Anne Notations

Tuesday, December 30, 2008

45 mph gusts

Our beach at 8:30 a.m., temperature 33, wind 30-50 mph. Click on photos to see larger.

I wonder what it's like to live in a year-round warm climate. My entire life has been spent in New England, with a four-year sojourn in a Chicago suburb – and let me tell you, the weather there made New England weather look like a day at the beach. It was the only time my parents ever purchased an air-conditioner, and (geezer alert!) we kids walked back and forth to school twice a day* no matter the weather. I was only 6 and 7 years old, and sometimes the snow was up to my waist and the windchill well below zero, but the sidewalks of Elmhurst, Illinois, were always shoveled and life went on, dammit! (*Why twice a day? In those days, most children went home for lunch. It was the 1950s, era of stay-at-home moms and neighborhood schools.)

Living on the water as we do now has made summers infinitely more bearable than they were in the scorching, humid city. I have always loved the crispness of autumn days, and the first half of winter is usually fun – visions of White Christmas and picturesque snow scenes. My biggest complaint with New England weather is that we have no spring to speak of. Winter drags on ad nauseam into March and April. Snowstorms in April are not unusual, and I recall the big snowstorm in early May 1977 that brought limbs (already in leaf) down all over the East Side of Providence. It's not until mid- to late May that I believe our brief spring is actually here.

In December and January, though, I'm OK with winter. We Northerners take a perverse pride in our stoicism in the face of needles of sleet, white-out driving conditions, bone-rattling winds, and black ice. We juggle two wardrobes – summer and winter, with some transitional clothes for the in between times – and know all about layering.

When the temperature is below 30F and the wind is blowing hard, I begin with lightweight "silk skins" longjohns, then thick socks, jeans (denim is great for blocking wind), a Cuddleduds insulated camisole, lightweight polarfleece shirt... Then I go downstairs to don a heavy Lands End parka, polarfleece hat, long muffler wrapped several times around my neck, lined leather gloves, glasses (they keep the wind off my eyes), and a pair of insulated boots from my collection of Sorels and Columbias. Then I'm ready to walk the dog.

It's amazing how warm you can get while walking even in hideously cold temperatures. Today I actually had to tug my parka's zipper down a bit at the neck and take my gloves off for a while, I was getting so toasty as Daisy and I strolled along the beach and across the peninsula for 40 minutes.

Roiling whitecaps ruled the bay. The wind was wild and insistent, blowing plumes of sand off the beach and into the parking lot. Gulls huddled in the little park, their rumps facing the wind.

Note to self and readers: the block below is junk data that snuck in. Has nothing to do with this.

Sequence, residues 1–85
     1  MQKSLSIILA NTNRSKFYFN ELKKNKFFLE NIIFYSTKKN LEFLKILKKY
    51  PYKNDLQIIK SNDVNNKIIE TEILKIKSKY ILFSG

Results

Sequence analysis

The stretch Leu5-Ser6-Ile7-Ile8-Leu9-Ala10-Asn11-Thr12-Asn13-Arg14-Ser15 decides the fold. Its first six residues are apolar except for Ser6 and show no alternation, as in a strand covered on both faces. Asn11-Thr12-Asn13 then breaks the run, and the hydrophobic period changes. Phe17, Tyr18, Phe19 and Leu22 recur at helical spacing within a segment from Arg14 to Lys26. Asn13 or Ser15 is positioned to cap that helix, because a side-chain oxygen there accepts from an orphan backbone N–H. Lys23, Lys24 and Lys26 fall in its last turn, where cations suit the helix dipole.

As we strolled eastward and reached the lee side of the peninsula, the wind abated a bit and we admired a festive wreath hung over a post at the city boat-launch parking lot – deserted today, a stark contrast to the long lines of boaters in pick-up trucks who wait their turns in warmer months.

Inland a bit, a tangle of bittersweet vine made its last stand, and a near-lifesized Santa waved from a gaily decorated front porch.

We headed westward toward our street, the wind whomped us in our faces, lifting Daisy's ears straight up and making me gasp for breath. (How well I understand the nautical expression "into the teeth of the wind". For it bites.)

Up the porch steps and into the house – warmth! Food! A sunny spot on the couch, a cup of hot tea, and the day's newspaper! Such contrasts are what I imagine I'd miss if we lived in Florida or Arizona. Not to mention such sights as the dark winter bay dotted with restless foam.

Monday, December 29, 2008

Swanning around

Because they are an artificially introduced "alien" species – originally from Eurasia and brought over in the mid-1800s to adorn parks and estates – and can crowd out less assertive waterfowl, swans are not universally beloved of American naturalists.

They are beautiful birds to behold, however. On our little peninsula, there seems to be a durable truce between swans and the other fowl, principally mallard ducks and Brant and Canada geese, that frequent our section of the Atlantic Flyway, particularly in the winter. I can't get enough of looking at them.

This morning at around 8:30, before the day became overcast, Michael and I took Daisy on a walk up Seaview Avenue past a small brackish pond on the east side of the road and Brushneck Cove on the west. As we stood on the hyperbolically-named Danger Bridge – a tiny section of road with railings on each side where a tidal brook connects the cove to the pond – our year-round resident swan couple swam toward us with two of the seven cygnets they raised this year, now nearly grown.

Daisy stared and trembled on her leash as the birds neared, and the father swan responded with a series of warning hisses – one of the few sounds made by this species formally known as the Mute Swan. They also emit, according to Cornell's guide to birds, a "snorting 'heorrr'." I like the urgent whooshing melody of a swan in flight, produced by air rushing past or through its powerful wings. The Anglo-Saxons were said to believe that a swan's wings sang with a human voice when it flew. Goose-bumpy, no pun intended.

In addition to the pond swans and their undaunted mallard companions, we noticed what appeared to be an entire convention of swans in Brushneck Cove just to our west. Michael counted 20 of them. That's a lot of swans in one place. I read on Wikipedia that such congregations may be the swan equivalent of debutante balls, where the year's young adult fowl gather to pair off with their lifelong mates.